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Speech Sound Development In Children Level 2 – Middle Developing Sounds

Speech Sound Development in Children: Level 2-Middle Developing Sounds

Hi, my name is Amy King, and I am a speech-language pathologist.  During our last blog, we focused on the early developing speech sounds which were P, B, M, N, W, D, and H. This month we are going to focus on the next set of developing speech sounds, or the middle developing speech sounds. Some of these middle developing sounds we’ll explore today are: K, G, F, T, and Y.

As we discussed last month, children’s speech sounds develop from the time they begin babbling their first sounds as babies all the way until half way through elementary school. This month we are going to be talking about the middle developing sounds, which are typically acquired by both boys and girls between 2 and 4 years of age. Take a look at this developmental chart which is linked on ASHA’s webpage.

Lets start with K and G. These two sounds are sister sounds because they are made in the same place in the mouth….in the back. It is very common for 1 to 3 year olds to “front these sounds.” In other words children produce a front sound D for G as in “do mommy” for “go mommy” or a front sound T for K as in “tootie for cookie.” This typically begins to diminish around age 3. If your child is having trouble with the K and G that are produced in the back of the mouth, I have found that practicing the “coughing sound” for K and the gagging/gurgling sound for G is a natural way to position the tongue for these sounds. Practicing coughing actually produces the K plush U vowel “kuh, kuh” and the gaggling/gurgling produces the G plus U vowel “guh, guh.” It is important to exaggerate the coughing/gurgling sound as you move into K plus vowel and G plus vowel combinations (ka, ko, ke) (go, ga, ge) and initial K and G words. I tend to put my hand on my throat as a visual cue for kids and really exaggerate the K and G sounds. If your child has trouble with this, I have found that offering them an edible treat (i.e. goldfish, gummy, etc) while working on these two sounds is very beneficial. When we eat, our tongue naturally moves the food backwards towards our throat in preparation to swallow. I have found that children have success with the K and G sound in preparation to swallow because their tongue is already back. Some children who have a very sensitive gag reflex have extreme difficulty producing K and G because of the way it feels. If your child is orally sensitive or defensive (i.e. gags easily, doesn’t like to have their teeth brushed, is resistant to food textures, etc..) there could be some underlying oral-motor sensory components or something atypical in the oral structure that need to be assessed.   If you have any concerns that your child is physically unable to move their mouth/tongue, or feel that they are abnormally sensitive or defensive with their mouth, please consult with your pediatrician and dentist first.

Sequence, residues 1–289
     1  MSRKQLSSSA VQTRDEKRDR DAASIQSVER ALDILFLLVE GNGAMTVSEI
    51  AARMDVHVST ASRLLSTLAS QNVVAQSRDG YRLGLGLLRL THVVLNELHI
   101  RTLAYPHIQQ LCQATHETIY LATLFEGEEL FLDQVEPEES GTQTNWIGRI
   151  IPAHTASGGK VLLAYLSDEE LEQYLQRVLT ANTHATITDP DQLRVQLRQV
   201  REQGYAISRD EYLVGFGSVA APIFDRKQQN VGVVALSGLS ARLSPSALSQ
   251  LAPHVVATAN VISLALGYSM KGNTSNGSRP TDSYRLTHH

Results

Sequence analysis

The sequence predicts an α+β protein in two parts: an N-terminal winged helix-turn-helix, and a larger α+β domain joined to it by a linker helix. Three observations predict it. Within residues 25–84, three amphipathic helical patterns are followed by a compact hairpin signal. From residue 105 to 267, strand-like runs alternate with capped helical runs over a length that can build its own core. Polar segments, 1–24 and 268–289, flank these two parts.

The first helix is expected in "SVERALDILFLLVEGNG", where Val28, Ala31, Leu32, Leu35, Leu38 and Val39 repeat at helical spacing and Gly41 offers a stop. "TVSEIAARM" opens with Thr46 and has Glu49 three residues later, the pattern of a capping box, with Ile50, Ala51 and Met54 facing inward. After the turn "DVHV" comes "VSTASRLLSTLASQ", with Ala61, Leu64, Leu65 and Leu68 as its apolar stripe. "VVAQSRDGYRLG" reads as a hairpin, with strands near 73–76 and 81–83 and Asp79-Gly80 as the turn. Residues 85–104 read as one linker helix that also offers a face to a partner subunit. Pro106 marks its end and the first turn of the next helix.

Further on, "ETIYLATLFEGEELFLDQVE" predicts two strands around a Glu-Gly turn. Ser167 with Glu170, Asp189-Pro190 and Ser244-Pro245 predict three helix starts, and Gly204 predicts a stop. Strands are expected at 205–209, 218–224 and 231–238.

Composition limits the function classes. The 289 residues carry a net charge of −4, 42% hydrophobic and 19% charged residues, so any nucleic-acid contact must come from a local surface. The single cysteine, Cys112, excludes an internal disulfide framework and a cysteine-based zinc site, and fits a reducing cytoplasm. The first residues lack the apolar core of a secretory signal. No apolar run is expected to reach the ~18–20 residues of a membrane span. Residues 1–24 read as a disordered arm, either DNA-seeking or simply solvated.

The next sound we’ll look at is F. I call F the lip biter sound because its made by essentially biting the lower lip and blowing out air. I recommend getting a mirror, letting the child look in the mirror. See if they can imitate your movement of biting the lower lip and blowing out air. Once they can make this sound in isolation, move to F plus vowels (fa, fo, fe, fay) and then initial F words.

T is the next sound. It is in the same family as D and N we talked about last month. These three sounds are made by lifting the tongue tip up to the ridge behind the top front teeth.  If your child is having difficulty lifting their tongue tip, try dabbing some yogurt/cream cheese/peanut butter up on that ridge behind their top front teeth and see if they can get it. You can also get a cheerio or fruit loop and see if they can hold it up on the ridge with their tongue to practice tongue tip elevation. If you feel your child is not physically able to lift their tongue, a brief oral-motor exam by a dentist may be warranted first to see if there are any physical or structural reasons in the mouth prohibiting adequate tongue movement for speech (i.e. shortened frenulum, problems with gums etc..). Once they can lift that tongue tip up, see if they can then quickly release the tip to make the T sound. As with all other sounds, move to T plus vowels (ta, to, te) and then intial T words.

Lastly this month, lets look at the Y sound. First model the sound for your child and see if they can make it. If not pull that mirror out. Model for them the “ee” sound and then transition into “uh”. The combination of ee + uh makes the Y sound! Once they have the sound in isolation, move into Y plus vowels (ya, yo, ye) and then initial Y words.

Please check out any links we’ve provided. In addition is some information if you feel your child may have any oral-motor sensitivities that are impacting their feeding or speech sound production. Please contact us if you have any questions. We are able to evaluate and treat your child in the home, school, or our clinic setting.

http://www.talkingchild.com/speechchart.html (speech sound acquisition chart for boys and girls)

http://www.sensory-processing-disorder.com/oral-sensitivities.html